14.0022 the ABCs, simple answers, home truths

From: Humanist Discussion Group (willard@lists.village.virginia.edu)
Date: Thu May 18 2000 - 06:43:37 CUT

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                    Humanist Discussion Group, Vol. 14, No. 22.
           Centre for Computing in the Humanities, King's College London

             Date: Thu, 18 May 2000 07:39:47 +0100
             From: Willard McCarty <willard.mccarty@kcl.ac.uk>
             Subject: the ABCs, simple answers, home truths

    Dear Colleagues,

    As we seem rapidly to be pulling away from the necessity of instilling
    skills and to be reaching a high-ground of more interesting research
    questions of our own, what is happening to our introductory courses,
    lectures, workshops and the like?

    I raise the question primarily because when I think about my early
    experiences in university I recall having a particular kind of
    knowledge-hunger, the satisfactions of which remain vivid in memory as
    formative points of my intellectual life. I would hope we all have such
    anecdotes as I could recall at length, for example of the showman-professor
    of chemistry who charmed all 500 of us into a desire to study his subject,
    in effect by demonstrating his excitement and love of it. Perhaps I am just
    an incurable romantic, but attempting for the moment to be as sober as
    possible ("damn braces, bless relaxes"), I still think that no utilitarian
    lecture on the usefulness of chemistry in modern life and how it increased
    one's chances for a job would have worked even remotely as well as the
    professor's demonstrations of intelligent love. And I hope very much this
    is the general case now, that underneath the worries about jobs, investment
    profiles and retirement plans that knowledge-hunger still gnaws as strongly
    as ever.

    Let us say (cheer me and yourself up, please!) that our students and
    colleagues are still thus ravenous. The question, somewhat refined, is: how
    do we computing humanists appeal to their knowledge-hunger? What do we
    teach, how do we teach it, in order to demonstrate in plain terms what
    humanities computing is all about?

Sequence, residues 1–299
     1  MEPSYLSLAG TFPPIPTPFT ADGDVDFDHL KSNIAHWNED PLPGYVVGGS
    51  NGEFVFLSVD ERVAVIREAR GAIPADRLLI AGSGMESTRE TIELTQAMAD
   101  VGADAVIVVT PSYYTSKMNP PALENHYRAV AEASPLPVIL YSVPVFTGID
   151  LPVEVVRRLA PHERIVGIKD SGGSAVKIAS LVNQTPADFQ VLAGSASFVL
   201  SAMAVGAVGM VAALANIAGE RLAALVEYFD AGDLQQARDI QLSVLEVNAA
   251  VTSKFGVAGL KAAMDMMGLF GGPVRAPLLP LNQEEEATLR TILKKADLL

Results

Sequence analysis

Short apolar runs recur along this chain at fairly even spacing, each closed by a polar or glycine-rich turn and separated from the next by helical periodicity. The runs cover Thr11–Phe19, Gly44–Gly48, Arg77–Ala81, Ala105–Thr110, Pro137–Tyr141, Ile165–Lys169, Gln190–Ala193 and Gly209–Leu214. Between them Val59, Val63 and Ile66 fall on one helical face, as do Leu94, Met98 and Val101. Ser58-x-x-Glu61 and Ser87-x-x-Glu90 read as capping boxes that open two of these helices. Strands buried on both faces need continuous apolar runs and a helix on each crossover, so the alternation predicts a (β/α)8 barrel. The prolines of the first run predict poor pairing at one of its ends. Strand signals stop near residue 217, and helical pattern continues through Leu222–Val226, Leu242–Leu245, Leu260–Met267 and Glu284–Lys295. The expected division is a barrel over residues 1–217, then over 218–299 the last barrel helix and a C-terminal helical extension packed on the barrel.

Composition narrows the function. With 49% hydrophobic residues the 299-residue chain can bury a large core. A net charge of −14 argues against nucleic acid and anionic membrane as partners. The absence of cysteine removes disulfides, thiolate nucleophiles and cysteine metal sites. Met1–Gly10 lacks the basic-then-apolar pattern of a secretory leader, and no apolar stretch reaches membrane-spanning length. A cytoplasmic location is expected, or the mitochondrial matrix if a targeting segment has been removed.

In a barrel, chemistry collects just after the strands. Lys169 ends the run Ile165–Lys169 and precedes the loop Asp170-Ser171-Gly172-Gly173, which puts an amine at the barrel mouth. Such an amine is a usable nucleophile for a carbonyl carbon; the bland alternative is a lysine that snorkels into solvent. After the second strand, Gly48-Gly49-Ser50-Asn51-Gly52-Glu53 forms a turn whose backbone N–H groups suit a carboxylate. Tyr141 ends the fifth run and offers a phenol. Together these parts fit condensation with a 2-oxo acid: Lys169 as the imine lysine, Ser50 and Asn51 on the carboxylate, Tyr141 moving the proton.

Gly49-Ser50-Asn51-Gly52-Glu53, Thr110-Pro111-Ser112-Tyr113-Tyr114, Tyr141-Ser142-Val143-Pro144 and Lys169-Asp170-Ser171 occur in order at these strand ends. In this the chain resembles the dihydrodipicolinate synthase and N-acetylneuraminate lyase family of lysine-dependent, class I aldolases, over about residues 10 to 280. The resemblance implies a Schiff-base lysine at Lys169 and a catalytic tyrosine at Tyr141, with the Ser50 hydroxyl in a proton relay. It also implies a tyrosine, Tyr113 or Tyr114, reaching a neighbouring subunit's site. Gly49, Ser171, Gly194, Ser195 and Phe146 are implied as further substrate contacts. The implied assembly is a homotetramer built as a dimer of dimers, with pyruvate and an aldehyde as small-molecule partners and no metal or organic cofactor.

I think it's rather easier to reach the specialist than the beginner. As a
    teacher of mine once said, "In the mind of the beginner there are many
    possibilities, in the mind of the expert there are few." The intelligent,
    curious beginner wants to know the sights, sounds, smells and tastes of the
    disciplinary promised land one is travelling toward, has to be convinced
    that life there will be worth all that it takes to reach it. (As in the
    biblical original, it's difficult to keep the faith between original vision
    and arrival.) The specialist, who is already committed to the game, will
    not tend to ask the really hard questions. Of course the beginner and the
    expert are not necessarily different people. I'm also asking about how to
    reach the beginner in the expert.

    A related problem is how to explain what we do to those who are not our
    students -- the neighbour, local baker et al. pose this problem in an even
    more difficult form than the funding-body officer or dean. As background
    allow me to observe the general loss of superstitious reverence for higher
    education in the last 2-3 generations. Be that as it may, however, let's
    keep away from o-tempora-o-mores whingeing and get to what centrally we
    say, in plain language, humanities computing is for. And by "plain
    language" I mean not just simple English or whatever, but language devoid
    of promotionalism and dodgy appeals to the future. What have we got to
    offer right now, with the tools we have in hand, to the ordinary curious


    - - - - - - - - - - - - - - - - - - - - - - - - - - - - - -
    Dr. Willard McCarty, Senior Lecturer, King's College London
    voice: +44 (0)20 7848 2784 fax: +44 (0)20 7848 5081
    <Willard.McCarty@kcl.ac.uk> <http://ilex.cc.kcl.ac.uk/wlm/>
    maui gratias agere

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